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Apr 17 2013

Rewriting “Mystery Date”

Mystery Date box coverIn the conversation here in this blog about the “Mystery Date” game and how it served to enforce rigid gender roles and female passivity, one commenter, cubist, has proposed that we create a feminist version of the game.

I’m intrigued by the idea of re-writing the game. I have now wasted waaaaay too much time thinking about how to create game mechanics for a dating-themed board game that reflect the dating world in a way that I like, a way that reflects my values but that also reflects reality, and that would also be silly and fun to play. So I’m jumping off cubist’s ideas and am going to take a stab.

cubist proposes “mutually satisfying relationship” as the goal of the game, but I think that might be too large. Maybe just “enjoyable date”?

First — you get to pick your date. Maybe you have to pick them out of a limited set — that’s how it works in life, you don’t get to date absolutely anyone you want, and after all your dates get to have preferences too. But you could draw, say, five cards from a large deck, and pick the one of the five that you like best.

Dates are of all genders. I agree with cubist that it might be difficult to depict trans people in a simple graphic designy way without being exploitative or exoticizing. Maybe have some dates who are of indeterminate gender? Or with a gender presentation that doesn’t match the gender of their name? And for the poly crowd, maybe some of the “dates” could be couples.

Dates have multiple interests printed on their cards, from a pool of overlapping interests. Say there are twenty total interests in the game, and each date has three. Some of the dates’ interests should be unexpected and break out of stereotypes: a punk rocker with an interest in folk dancing, a business executive with an interest in Burning Man. And of course, some dates can have the same interest as each other: the punk rocker and the business executive can both be interested in Burning Man.

Each interest has three items you need to collect to engage in it. (Or maybe each interest has four or five items connected with it, but you only need to collect three to win.) They don’t have to be clothing items, although some of them can be. Some of them don’t even have to be physical items. For “atheist conference,” for instance, you could need to collect a Surly Amy necklace, a nerdy T-shirt, and a loss of religious faith. Some of the interests could share items: you could need a nerdy T-shirt for both “atheist conference” and “science museum.”

And maybe there should be some sort of wild cards. If you have the “irrational sexual chemistry” card, for instance, it can stand in for any item… since if you have that, it’s going to make pretty much any activity you do more fun. And maybe there should be an opposite: if you land on the “You two are perfect on paper but you just can’t stand each other” space on the board, you have to ditch your date and replace them.

The first player to collect three items connected to one of their date’s interests is the winner.

Thoughts?

11 comments

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  1. 1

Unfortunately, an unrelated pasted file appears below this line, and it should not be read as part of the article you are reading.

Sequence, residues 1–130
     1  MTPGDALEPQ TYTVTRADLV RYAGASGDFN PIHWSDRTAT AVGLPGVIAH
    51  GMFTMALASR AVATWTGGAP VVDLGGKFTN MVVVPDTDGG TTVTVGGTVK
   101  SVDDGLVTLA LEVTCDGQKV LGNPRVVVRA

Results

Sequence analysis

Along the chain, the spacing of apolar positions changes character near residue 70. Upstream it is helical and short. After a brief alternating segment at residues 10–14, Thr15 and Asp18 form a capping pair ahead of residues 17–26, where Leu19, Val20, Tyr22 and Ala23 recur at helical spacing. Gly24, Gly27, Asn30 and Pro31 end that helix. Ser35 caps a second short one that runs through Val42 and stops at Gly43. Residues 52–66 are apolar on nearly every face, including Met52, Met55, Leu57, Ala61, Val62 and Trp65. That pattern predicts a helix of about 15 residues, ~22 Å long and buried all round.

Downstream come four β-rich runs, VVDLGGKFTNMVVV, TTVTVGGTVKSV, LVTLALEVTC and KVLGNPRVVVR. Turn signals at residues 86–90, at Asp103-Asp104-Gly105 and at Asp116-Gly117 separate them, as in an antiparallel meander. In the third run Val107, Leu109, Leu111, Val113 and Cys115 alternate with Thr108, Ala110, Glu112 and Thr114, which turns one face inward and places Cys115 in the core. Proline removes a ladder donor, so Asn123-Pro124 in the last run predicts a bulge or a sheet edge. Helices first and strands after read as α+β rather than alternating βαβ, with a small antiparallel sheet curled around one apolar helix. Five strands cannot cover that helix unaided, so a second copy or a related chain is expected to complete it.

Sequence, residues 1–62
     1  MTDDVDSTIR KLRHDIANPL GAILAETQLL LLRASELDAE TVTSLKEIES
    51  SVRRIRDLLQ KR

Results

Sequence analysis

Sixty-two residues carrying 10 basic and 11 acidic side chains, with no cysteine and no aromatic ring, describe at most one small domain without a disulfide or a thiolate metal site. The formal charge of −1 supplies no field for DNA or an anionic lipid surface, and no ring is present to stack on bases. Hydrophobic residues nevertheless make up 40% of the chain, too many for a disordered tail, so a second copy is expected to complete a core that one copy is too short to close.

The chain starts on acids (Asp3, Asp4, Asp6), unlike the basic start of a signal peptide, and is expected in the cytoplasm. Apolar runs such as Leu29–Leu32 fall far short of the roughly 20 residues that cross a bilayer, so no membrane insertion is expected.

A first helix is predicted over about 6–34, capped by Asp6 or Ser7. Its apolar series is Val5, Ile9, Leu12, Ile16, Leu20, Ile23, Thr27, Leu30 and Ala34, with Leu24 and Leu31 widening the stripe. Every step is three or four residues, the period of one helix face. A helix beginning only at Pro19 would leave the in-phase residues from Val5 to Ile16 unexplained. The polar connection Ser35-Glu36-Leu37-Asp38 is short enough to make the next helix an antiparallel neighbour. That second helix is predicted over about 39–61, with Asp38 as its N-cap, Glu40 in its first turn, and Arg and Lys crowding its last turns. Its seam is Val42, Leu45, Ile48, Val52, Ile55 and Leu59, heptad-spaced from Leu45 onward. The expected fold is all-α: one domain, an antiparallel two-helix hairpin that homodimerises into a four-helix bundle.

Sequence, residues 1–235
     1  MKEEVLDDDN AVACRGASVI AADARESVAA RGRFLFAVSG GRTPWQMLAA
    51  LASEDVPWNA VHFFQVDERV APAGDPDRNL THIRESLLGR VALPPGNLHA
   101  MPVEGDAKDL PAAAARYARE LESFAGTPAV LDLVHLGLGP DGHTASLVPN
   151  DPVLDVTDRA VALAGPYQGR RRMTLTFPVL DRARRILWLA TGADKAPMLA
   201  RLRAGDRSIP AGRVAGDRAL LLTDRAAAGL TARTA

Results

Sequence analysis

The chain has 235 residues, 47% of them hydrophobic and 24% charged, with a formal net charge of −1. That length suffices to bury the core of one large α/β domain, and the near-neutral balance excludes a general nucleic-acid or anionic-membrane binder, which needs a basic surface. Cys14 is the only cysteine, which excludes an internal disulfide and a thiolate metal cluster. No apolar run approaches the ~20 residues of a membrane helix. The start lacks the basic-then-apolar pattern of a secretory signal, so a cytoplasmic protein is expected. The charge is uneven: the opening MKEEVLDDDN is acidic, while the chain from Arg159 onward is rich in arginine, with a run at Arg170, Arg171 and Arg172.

busterggi

    As a cheap straight guy I’m requesting that potential dates, cis or trans, be rated as to whether they are allergic to lobster.

  2. 2
    Greta Christina

    busterggi @ #1: How about just having some of the activities be free or cheap, with the items required for them being free or cheap?

  3. 3
    axemaiden

    How about making it even more inclusive by having the option not to go on a date at all? If you’re challenging gender roles and expectations, how about challenging the all-pervasive meme that everyone – especially women – needs to either be in a relationship, or be looking for one, and if you’re not there’s something wrong with you. You could have a ‘happily single’ option, in which the player collects 3 items for an activity they can enjoy alone. (Mine would be a book, a bath and a bar of chocolate.)

  4. 4
    Gregory in Seattle

    Why not have two sets of cards, one of dates and one of interests?

    First, the date cards. On the bottom, there is a gender attribute on one side (male, female or queer, which may or may not match up with visual representation) and an orientation attribute on the other side (gay, straight, bisexual, asexual.) Some cards may also be marked in the center of the bottom as POLY! and possibly other special attributes.

    Then the interest cards, marked with a different color back. There would be, say… two each of 20 or 25 different interests.

    Both decks are shuffled. With N players, each player draws N dates, then hands one to each other player face down until every player has only one card. Players pick up the cards in front of them and, with the one they kept, select a single date. The unused date cards are returned to the date card deck, which is put aside for the rest of the game. The exception is that if you have two or more dates flagged POLY! you may keep any or all of them as a single date. The date cards are placed face up in front of the player.

    Each player then draws three interest cards. For each date beyond one, the player may draw one extra interest card. These are kept hidden from the other players.

    Game proceeds with each player trying to collect six items related to their date(s) interests, or trying to prevent other players from getting items they are looking for. The first player to get the items reveals them and the interests, winning the game.

    The advantage to having a POLY! set up is that you have added interests to fulfill without needed any more items, making the game slightly easier to win. Say you had two POLY! dates; that gives you four interest cards. Any combination of six items across those four interests (as distinct from six items across three interests for a single date) will win.